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New Scan

callerid
Posts: 99
Joined: Dec 2012

Had a good scan (I think). Lymph nodes decreasing  And the metastactic bone disease has not changed significantly.

The doctor feels the current chemo is working. He took him off one drug because it was causing myelosuppression: delaying his treatments to three weeks or more.

We got the report as we were leaving the doctors office. It would be nice to see it ahead of time or during the appointment so we could ask questions about the results. It is difficult to put all of this in context. The report said, There is persistent increased FDG within the distal esophagus and FDG uptake in these lymph nodes has resolved.  What I think that means is the esophagus is still churning out cancer cells, but the chemo helped the lymph nodes. 

Can anyone explain any of this more clearly?  Does it mean the chemo helped the wandering cells but left the primary untouched?

Thanks

JKGulliver
Posts: 83
Joined: Apr 2013

I'm not a medical professional, but I've been learning alot these days.  FDG is the glucose molecule used in PET scans.  Cancer cells uptake (draw up or absorb) more FDG than normal cells.  This indicates their higher level of metabolic activity.  This is what is meant by "hotspot", or "lit up" on a PET scan.  In lots of imaging, the color is actually yellow.  

If you are looking at a pictue of the esophagus, the lower left third is called the distal esophagus.  

So, the report says that FDG uptake is persistently higher in the lower third of your esophagus compared to normal cells.

When cancer is "resolved" it means that there is no detectible difference between the metabolic activity of the cancer and normal cells as measured by the FDG.  I agree with you.  It seems the chemo has arrested the metabolic activity of the cancer in the lymph nodes.  This is good.  It means they are not dividing.  I don't believe the lymph nodes wander, however.  

callerid
Posts: 99
Joined: Dec 2012

Thank you for your response.

So are you saying that even though the EC cells metastisized to the lymph nodes they generally stay put and don't wander to other areas of the body as they enlarge.

Do they know why EC takes different paths of metastisis. Currently it has been in the spine (resolved by radiation) the lymph nodes in the neck and also in the pelvis. Others on this board have mentioned their EC spread to lungs and/or liver. 

eternalife
Posts: 36
Joined: Apr 2013

Hi all,

My husband was diagnosed with stage iv EC, Her 2+, Dec. 2011 has taken chemo, initally there were a few cancer cells in the lymph and a mass in the right rib. After one round of chemo, there was NED in the lymph nodes and rib.. in over a year now, the scans still show NED there, he just had a scan yesterday to check on the activity in the primary site , the esophagus as the last scan showed a wall thickening. He finished 5 weeks of radiation last month.

Please keep posting as it sounds we have very similar stories.

Thanks

JKGulliver
Posts: 83
Joined: Apr 2013

You should ask your oncologist to be certain.  But, from what I understand, there are many lymph nodes all over the body.  They do not wander around the body.  I've been told by doctors there is a large lymph node that winds AROUND the esophagus and is often involved in the type of EC my husband has.  It does not wander around either before or after being affected with cancer.  At least, this is how I understanding things.  This particular lymph node is usually targeted by the radiation oncologists along with the esophagus if radiation is part of the treatment.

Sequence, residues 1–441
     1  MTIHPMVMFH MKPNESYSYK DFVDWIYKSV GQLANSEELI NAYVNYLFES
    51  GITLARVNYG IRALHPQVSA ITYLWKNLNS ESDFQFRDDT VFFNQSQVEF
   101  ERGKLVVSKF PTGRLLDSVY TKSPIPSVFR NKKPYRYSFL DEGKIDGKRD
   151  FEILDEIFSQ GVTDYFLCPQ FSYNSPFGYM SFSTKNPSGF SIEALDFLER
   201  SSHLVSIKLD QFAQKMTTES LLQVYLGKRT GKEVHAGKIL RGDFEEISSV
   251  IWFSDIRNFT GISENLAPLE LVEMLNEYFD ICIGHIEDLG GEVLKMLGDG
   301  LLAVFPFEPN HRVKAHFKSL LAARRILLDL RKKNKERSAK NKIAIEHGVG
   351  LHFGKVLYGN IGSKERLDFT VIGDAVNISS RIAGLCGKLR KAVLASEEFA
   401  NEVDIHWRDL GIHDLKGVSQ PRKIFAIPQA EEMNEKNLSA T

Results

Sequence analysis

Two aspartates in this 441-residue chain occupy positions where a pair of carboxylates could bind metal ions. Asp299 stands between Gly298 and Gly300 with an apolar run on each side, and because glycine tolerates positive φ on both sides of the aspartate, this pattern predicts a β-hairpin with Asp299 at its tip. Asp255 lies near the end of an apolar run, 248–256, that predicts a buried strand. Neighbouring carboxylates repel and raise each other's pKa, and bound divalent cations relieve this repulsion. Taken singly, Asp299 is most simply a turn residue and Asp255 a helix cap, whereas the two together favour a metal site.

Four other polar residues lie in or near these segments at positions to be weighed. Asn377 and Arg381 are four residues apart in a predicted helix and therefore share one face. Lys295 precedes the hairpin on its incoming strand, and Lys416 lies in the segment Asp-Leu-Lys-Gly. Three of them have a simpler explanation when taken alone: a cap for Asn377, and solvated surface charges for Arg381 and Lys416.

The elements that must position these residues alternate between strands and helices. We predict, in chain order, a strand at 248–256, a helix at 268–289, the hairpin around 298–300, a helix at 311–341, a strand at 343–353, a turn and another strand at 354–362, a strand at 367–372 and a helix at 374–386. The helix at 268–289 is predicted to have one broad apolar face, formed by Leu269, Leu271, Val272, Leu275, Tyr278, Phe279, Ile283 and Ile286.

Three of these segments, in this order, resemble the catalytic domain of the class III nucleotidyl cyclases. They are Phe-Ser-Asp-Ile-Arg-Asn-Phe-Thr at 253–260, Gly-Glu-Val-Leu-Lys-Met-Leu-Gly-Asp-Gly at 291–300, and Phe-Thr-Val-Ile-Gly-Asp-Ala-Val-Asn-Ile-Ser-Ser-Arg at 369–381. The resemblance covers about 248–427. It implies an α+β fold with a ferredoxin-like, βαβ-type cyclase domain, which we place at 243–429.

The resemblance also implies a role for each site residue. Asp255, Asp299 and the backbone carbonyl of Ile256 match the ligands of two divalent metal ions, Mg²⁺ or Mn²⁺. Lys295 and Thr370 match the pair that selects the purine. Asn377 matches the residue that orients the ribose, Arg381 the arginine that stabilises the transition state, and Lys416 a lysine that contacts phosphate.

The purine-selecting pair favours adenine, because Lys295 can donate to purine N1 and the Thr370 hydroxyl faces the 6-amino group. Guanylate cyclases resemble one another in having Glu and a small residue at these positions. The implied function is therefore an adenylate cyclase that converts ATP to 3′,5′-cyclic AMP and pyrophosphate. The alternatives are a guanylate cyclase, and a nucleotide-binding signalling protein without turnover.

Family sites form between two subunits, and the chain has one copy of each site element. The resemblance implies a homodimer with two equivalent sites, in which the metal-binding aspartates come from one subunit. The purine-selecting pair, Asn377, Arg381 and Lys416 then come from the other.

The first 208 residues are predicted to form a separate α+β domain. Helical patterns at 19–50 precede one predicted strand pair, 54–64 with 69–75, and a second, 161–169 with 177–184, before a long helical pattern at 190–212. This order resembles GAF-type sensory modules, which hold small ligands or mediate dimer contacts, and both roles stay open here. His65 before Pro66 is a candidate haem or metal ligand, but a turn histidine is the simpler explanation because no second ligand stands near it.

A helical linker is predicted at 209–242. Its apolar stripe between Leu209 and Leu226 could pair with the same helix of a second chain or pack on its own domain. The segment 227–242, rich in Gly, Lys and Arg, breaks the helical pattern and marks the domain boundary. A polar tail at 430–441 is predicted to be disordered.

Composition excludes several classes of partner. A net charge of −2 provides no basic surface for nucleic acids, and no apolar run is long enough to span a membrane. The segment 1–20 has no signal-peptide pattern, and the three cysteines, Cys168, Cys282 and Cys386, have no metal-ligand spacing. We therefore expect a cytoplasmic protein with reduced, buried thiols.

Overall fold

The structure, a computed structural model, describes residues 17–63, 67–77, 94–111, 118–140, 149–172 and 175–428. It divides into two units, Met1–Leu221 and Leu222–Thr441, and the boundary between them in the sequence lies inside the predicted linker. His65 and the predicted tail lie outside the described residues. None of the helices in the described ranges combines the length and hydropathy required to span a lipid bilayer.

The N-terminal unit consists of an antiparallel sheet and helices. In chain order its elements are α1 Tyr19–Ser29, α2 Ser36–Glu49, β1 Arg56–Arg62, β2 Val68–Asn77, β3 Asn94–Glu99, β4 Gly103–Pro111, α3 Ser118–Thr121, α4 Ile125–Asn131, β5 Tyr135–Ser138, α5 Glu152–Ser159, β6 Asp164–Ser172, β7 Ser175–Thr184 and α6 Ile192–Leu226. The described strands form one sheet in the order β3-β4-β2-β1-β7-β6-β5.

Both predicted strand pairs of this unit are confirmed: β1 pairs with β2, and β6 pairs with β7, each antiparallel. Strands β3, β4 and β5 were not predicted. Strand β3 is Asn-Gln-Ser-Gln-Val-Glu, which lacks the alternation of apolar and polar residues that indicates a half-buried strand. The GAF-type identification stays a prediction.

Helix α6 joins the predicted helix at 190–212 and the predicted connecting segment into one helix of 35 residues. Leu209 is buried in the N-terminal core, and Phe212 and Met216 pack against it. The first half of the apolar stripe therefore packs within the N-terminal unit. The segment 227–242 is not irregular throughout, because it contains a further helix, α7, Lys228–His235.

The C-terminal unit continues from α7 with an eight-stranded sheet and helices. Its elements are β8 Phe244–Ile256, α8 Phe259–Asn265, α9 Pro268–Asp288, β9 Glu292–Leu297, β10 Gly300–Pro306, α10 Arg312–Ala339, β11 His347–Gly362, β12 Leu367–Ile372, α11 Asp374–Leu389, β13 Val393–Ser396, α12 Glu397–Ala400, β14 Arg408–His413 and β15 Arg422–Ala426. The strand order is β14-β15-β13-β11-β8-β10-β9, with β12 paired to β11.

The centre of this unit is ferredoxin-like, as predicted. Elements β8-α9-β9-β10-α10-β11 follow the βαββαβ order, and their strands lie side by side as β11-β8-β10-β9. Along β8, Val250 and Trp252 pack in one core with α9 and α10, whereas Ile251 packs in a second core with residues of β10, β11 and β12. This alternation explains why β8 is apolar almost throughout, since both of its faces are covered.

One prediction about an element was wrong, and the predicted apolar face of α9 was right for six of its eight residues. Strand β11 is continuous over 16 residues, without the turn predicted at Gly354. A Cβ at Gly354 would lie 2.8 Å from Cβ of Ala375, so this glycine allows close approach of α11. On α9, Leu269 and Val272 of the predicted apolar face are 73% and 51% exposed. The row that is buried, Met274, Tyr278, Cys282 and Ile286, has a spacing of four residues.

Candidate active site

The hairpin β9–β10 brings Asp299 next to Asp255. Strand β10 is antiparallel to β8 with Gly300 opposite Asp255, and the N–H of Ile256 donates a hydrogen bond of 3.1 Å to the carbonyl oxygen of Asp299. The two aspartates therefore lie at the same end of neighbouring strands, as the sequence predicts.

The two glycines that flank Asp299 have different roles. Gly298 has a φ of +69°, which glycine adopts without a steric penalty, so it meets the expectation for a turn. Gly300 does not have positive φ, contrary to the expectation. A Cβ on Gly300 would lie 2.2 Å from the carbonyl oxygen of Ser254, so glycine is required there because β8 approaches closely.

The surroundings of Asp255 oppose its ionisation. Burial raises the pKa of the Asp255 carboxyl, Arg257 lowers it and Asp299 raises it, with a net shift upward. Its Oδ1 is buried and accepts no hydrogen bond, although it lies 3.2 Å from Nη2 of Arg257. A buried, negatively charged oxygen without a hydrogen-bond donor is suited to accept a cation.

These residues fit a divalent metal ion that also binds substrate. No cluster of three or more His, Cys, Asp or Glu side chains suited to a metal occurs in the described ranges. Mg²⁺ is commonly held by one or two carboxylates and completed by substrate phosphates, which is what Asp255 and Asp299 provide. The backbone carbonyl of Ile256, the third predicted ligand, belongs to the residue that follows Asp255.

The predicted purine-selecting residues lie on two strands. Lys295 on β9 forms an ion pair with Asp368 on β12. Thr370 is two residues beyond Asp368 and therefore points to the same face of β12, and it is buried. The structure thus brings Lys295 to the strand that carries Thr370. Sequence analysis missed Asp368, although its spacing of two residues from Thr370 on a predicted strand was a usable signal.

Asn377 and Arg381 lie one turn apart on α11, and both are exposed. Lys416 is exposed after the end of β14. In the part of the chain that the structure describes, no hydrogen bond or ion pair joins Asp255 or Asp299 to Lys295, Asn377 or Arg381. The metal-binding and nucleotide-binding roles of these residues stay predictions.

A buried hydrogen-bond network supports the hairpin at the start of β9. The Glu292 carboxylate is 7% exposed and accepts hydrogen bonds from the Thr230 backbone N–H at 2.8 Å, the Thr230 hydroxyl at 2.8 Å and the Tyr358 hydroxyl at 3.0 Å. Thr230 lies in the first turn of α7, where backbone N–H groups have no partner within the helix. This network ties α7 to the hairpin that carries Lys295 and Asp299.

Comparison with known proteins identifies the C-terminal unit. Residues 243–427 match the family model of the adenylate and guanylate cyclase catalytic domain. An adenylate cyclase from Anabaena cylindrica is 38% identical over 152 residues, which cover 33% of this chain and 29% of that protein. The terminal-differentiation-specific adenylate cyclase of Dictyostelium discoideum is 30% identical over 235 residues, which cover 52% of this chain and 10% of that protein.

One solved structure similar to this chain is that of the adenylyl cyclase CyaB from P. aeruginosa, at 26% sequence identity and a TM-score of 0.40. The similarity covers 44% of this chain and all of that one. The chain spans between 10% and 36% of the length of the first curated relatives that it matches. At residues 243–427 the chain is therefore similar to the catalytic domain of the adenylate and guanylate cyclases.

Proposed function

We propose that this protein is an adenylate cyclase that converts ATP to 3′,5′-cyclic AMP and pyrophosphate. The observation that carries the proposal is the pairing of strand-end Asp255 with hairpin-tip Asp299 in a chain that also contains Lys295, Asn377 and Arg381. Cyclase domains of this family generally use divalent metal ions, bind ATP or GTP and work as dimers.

Is there any way you might be talking about lymph which is the fluid that travels around the lymph node system?  I have heard people talking about cancer cells being sent around the body by lymph.  It is delivered to other lymph nodes this way.

We've asked alot of questions about metastisis.  The way it was explained to us is that common sites for reoccurance are the liver, stomach, lungs and the site where the stomach is attached to esophagus if there was surgery done.  It can go anywhere, however.  One doctor said that cancer cells send out proteins at the microscopic level.  They look for favorable places to prepare "microenvironments" for cancer cells.  These become future sites for tumors.  It is so very weird then EC reoccures in another location.  If is reoccures in the lungs, for example, the patient does not have lung cancer.  They have EC, in the lung.  

It has been a long learning curve for us.  And we get bogged down by the terminology.  You have to check with your doctor to be sure.

eternalife
Posts: 36
Joined: Apr 2013

Hi Jk Gulliver,

Thanks for the explanation on the lymphatic system. My husband's first PET scan showed there were a few lymph nodes affected, beside the primary site the esophagus as well as the 11th right rib, there was a mass. He tested + for the HER2 gene. As I undrstanding because he carries the gene, it overexpresses and creates a breeding ground so to speak for cancer cells , which began in the- esophagus, unfortunately the PET was not done early enough to make it a lower stage diagnosis. He did try Herceptin the chemo drug that targets the HER 2 genes, the rib mass and lymph nodes showed NED after he took Herceptin, hence the docs have stated something did occur to cease the activity in these two areas.. that was our good news.  I just keep praying that the cancer will not spread to the other organs because that  can create a huge problem.

There is so much to learn about EC and I hope one day it will no longer exist for anyone. Please keep posting any information you may feel is helpful to all of us here.

Thanks,  

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